When a new threat threatens to drag in the people they care about, the heroes of Persona 4 must jump in to save the day by...uh, dancing. It's...well, unconventional to say the least, but Dancing All Night makes a decent reasoning for it, while still attempting to stay fairly serious, despite the premise.
Taking place over a series of chapters, the Investigation Team arrive to join their friend Yu, living in the city, to find out why members of a popular idol group (based around a kitchen theme) are vanishing, and end up being forced to dance to show what truly lies in their hearts (oh, yes, it's certainly the cheesiest Persona plot to date) in a rhythm game that has you press six different buttons to the beat of a guide on-screen. In addition, there are rings that appear on the screen for you to 'scratch' with the analog stick at the right time - doing so isn't necessary, but will earn bonus points, extend your combo, and give little duets of dance as other people join in. It's a fun little bonus to see another team member join in to dance as the two groove along the dance floor, made just a little silly by the high stakes that they are fighting for as you hear cries of "Yeah, you've really got some moves!" in the background.
The story takes some time to get going. Similar to the fighting game, Persona 4: Arena, there's a heavy emphasis on plot despite the shift in genres. Gameplay almost takes a backseat to the story being told through fully-voiced characters, and may make some people a little weary who just want to get to the dancing. Showing the plot from a variety of points of view, it's a suprisingly long plot to get through for a rhythm game.
That said, there's a mode that simply allows you to pick dancers and music and just try to get the highest score and combo possible on different difficulties. What's more, you can purchase items and customizable costumes using money earned from completing songs, to make your characters 'pop' that much more. There are a number of extra songs to pick from, lots of costumes to purchase, and in general if you enjoy the gameplay you'll be spending a lot of time checking out the different combinations of characters while trying to perfect some of the much tougher difficulties.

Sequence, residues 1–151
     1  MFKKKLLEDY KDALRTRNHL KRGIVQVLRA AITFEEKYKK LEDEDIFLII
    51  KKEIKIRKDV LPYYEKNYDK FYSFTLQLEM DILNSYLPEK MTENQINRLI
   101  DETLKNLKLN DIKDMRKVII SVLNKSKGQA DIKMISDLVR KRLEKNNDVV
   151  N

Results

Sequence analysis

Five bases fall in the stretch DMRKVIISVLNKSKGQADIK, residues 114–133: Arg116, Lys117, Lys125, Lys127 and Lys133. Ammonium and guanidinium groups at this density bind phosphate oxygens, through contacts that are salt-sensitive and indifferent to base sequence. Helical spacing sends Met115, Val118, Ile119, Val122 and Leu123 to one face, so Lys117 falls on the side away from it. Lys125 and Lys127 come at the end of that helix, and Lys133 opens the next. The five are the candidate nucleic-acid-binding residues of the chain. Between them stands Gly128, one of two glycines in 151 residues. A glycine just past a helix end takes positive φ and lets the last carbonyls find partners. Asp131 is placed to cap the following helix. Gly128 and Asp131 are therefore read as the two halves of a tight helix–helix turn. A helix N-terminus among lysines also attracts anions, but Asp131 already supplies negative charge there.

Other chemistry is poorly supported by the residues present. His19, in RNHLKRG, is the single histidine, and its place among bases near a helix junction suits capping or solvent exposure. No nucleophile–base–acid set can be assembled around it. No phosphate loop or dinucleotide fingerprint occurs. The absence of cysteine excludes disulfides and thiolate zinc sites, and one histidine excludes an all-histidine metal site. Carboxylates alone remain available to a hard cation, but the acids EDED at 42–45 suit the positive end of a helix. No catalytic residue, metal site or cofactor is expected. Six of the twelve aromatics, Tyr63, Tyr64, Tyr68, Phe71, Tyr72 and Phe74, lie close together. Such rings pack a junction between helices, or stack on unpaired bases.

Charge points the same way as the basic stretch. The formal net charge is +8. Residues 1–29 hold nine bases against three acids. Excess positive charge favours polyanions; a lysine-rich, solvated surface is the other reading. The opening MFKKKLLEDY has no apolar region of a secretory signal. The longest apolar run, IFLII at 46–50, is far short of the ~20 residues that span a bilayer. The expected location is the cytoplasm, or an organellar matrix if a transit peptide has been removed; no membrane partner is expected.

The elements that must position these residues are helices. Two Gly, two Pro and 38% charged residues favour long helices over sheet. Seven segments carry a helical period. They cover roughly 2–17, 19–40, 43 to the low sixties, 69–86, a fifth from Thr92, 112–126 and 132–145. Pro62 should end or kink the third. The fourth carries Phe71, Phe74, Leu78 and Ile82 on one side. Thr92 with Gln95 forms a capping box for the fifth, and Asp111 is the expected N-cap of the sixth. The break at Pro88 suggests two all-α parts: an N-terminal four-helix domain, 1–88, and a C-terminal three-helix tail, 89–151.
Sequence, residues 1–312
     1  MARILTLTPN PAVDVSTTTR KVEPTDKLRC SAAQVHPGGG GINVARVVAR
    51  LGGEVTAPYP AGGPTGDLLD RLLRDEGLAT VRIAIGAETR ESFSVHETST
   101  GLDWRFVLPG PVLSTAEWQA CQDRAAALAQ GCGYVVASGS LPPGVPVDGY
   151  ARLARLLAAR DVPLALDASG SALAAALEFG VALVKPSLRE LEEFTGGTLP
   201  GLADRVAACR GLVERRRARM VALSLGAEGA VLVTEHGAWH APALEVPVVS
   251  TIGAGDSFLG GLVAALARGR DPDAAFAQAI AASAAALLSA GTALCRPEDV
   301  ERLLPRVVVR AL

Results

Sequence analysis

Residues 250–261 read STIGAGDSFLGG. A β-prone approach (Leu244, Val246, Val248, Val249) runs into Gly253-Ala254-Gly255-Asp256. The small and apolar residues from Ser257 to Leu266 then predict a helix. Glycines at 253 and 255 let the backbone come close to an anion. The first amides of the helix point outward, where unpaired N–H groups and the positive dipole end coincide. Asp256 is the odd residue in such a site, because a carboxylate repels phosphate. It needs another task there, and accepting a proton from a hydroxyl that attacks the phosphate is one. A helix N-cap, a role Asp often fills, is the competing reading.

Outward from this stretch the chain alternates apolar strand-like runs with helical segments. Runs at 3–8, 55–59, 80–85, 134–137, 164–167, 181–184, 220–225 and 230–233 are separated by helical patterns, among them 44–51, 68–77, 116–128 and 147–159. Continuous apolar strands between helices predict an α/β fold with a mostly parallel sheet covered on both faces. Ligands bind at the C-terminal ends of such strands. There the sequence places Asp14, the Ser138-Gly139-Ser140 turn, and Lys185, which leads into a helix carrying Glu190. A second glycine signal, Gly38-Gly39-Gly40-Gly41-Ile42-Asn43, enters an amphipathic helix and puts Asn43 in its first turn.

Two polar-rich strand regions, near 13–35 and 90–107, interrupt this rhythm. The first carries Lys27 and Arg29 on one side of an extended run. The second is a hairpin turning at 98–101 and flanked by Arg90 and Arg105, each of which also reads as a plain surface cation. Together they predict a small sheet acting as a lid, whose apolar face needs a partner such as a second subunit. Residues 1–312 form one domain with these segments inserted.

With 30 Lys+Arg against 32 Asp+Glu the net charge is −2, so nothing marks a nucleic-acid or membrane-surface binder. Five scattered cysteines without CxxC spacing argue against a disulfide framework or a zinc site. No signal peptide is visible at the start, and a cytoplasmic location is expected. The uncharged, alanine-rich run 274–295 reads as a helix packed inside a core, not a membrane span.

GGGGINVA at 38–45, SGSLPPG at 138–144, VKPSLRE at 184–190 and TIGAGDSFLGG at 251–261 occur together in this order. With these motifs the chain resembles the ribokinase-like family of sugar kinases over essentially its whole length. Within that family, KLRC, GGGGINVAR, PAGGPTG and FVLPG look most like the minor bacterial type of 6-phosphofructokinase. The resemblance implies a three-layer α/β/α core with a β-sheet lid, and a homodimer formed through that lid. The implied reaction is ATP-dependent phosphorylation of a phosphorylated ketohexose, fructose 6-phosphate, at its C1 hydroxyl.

Of course, music plays a big part in this game, and fans of Persona 4 will be pleased to see many favourites here, remixed and changed up with different tempos, beats, and styles. I've definitely found some favourites in the soundtrack, and I expect many to find the same. There are over thirty tracks to pick from, and some of them have some well-known Japanese musicians attached to their remixed composition, so there's some good work here, not just a couple changes here or there with too many of un-touched songs filling the bulk of it.
My biggest problem with Persona 4: Dancing All Night is just that there's not enough of it. I would've liked to see more modes to play through, or more to do than just going through the story and score chasing, but what is there is good. Obviously the game's only really for fans of Persona 4; it's unlikely anyone else will know what the heck is going on. But as a rhythm game, Dancing All Night certainly delivers in its promise with some good mechanics and good music - with a plot to boot.